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Supreme Court Website

Supreme Court Website | 4 Pippens Tyler | Scoop.it

2.

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The Supreme Court website shows all of the recent court decisions they've made. There's even a calendar provided that shows when the court will be arguing on cases. They also give an option to visit the court and tour the building. One of the recent cases was Harris v. Viegelahn. In this case, there seems to be an argument over an estate.

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President Bush Announces Start of Iraq War - YouTube

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In this video, President Bush uses his power as the commander and chief. This power only gives him the power to command the army, not declare war. In the video he gave a speech about the operation they were starting in Iraq against Saddam Hussain. This happened in March 13, 2003. He also explained about how he respects the citizens and their religous faith but wants to rid it of the radical dangerous people who are hurting everyone. This was all in all a result of the 9/11 attack and several other small instinces where they have crossed the line, for lack of a better term. Very encouraging

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Executive Command | iCivics

Executive Command | iCivics | 4 Pippens Tyler | Scoop.it
4 Pippens Tyler's insight:

In this game, I got to choose my President that I wanted to win and then sent it to congress to talk about the major issue that I chose to discuss. I chose security and talked about how I promised to do everything I could to make sure the US would stay safe from terrorists and other nations. I received a bill in the mail about the TSA's effectiveness and it had topics on it that I agreed with so I signed it to be passed as a law to aid in terrorist detection.I felt like it was a bill that needed to be passed. I learned about what the president does and all the responsibilities he has and how his decisions effect everyone.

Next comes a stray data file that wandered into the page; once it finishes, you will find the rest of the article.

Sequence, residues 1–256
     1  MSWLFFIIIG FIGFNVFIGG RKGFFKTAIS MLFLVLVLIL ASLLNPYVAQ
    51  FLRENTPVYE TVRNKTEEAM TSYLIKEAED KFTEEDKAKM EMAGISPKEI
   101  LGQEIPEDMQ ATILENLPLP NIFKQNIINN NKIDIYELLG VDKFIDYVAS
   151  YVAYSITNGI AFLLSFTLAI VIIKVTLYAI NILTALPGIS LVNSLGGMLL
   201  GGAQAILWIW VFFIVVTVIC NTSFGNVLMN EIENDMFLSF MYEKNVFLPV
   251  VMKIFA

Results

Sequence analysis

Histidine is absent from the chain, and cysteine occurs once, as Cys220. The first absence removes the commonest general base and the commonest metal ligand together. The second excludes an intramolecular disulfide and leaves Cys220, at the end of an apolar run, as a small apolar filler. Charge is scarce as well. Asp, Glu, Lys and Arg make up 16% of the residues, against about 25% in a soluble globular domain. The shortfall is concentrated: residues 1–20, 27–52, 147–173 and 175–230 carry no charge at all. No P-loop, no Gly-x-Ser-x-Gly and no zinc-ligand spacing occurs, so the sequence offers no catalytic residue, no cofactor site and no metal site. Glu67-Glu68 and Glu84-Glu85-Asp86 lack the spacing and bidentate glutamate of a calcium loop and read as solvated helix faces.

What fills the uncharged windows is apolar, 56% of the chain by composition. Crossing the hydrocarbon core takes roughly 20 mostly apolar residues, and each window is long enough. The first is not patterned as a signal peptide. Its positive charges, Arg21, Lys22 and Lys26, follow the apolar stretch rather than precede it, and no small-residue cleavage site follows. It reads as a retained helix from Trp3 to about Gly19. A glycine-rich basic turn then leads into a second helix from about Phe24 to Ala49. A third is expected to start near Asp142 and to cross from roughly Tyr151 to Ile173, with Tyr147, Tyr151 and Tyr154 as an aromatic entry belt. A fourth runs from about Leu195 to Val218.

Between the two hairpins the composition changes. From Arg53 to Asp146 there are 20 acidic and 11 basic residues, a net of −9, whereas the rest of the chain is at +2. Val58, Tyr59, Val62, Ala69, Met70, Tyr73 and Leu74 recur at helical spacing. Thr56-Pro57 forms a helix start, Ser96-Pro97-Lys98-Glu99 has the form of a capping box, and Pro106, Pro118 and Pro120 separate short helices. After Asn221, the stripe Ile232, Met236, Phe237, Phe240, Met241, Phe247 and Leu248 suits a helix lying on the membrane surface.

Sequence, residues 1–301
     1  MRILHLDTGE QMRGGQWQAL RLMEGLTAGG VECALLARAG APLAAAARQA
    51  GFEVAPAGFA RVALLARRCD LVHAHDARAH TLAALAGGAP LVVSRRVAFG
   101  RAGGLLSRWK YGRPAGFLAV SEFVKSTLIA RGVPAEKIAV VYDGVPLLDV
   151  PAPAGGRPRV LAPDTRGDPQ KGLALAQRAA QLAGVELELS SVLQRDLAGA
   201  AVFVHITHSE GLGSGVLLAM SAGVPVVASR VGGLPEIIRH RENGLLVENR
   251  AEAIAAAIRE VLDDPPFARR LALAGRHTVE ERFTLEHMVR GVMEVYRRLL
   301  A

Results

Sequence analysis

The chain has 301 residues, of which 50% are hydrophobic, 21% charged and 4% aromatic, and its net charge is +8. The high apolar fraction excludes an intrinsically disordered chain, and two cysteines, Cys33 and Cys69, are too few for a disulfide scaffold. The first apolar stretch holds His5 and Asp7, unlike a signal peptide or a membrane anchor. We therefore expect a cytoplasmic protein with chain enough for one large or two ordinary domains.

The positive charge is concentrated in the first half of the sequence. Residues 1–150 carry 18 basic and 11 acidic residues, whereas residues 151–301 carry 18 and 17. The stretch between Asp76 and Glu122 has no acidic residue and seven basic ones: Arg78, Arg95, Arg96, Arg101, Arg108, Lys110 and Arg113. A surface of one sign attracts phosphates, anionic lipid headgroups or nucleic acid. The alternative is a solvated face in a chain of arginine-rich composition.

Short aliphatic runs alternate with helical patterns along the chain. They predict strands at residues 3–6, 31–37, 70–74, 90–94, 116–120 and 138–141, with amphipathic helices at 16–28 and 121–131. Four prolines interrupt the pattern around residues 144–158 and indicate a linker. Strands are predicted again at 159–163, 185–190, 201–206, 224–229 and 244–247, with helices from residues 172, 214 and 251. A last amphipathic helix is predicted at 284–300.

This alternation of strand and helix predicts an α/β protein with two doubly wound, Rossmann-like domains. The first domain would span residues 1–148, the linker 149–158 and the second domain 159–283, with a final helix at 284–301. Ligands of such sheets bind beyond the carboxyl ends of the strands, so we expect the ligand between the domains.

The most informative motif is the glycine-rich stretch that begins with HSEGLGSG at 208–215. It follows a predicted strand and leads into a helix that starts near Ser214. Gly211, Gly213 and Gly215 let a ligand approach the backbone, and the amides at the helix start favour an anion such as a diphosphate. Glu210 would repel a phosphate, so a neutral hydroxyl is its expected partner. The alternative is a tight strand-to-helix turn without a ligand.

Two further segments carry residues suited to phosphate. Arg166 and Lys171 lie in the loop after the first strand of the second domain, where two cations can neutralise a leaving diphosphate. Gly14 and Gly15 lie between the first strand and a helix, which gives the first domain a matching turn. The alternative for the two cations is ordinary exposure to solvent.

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Chris Gardner's comment, April 3, 2015 9:49 AM
Unit 6 scoop.it grade 100%. All ten scoops completed with insight. Good analysis of your scooped content.
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U.S. Department of State

U.S. Department of State | 4 Pippens Tyler | Scoop.it
4 Pippens Tyler's insight:

The secretary of state is Jon Kerry and he is also the President's chief foreign affairs adviser. The Department of State deals with issues such as policy issues, economic, environmental, arms control, international security, public affairs, democracy, etc. They implement really any policy having to do with the economy, health, womens issues, youth, foreign countries topics, and many more. One current event issue that the website has on the front page is that "Secretary of State John Kerry travels to Lausanne, Switzerland, to meet with Iranian Foreign Minister Zarif on March 26 as part of the ongoing EU-coordinated P5+1 nuclear negotiations."

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The White House

The White House | 4 Pippens Tyler | Scoop.it
4 Pippens Tyler's insight:

today the president had lunch with the vice president and they also recieved the daily presidential briefing. Both of these were covered by the press. As i scroll thorugh the days these seem like daily occurances. So this just shows that he president has little duties as well as big ones. For example, planning a war. The president basically doesnt have any freee time. 

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Video: State of the Union 2015 in 90 seconds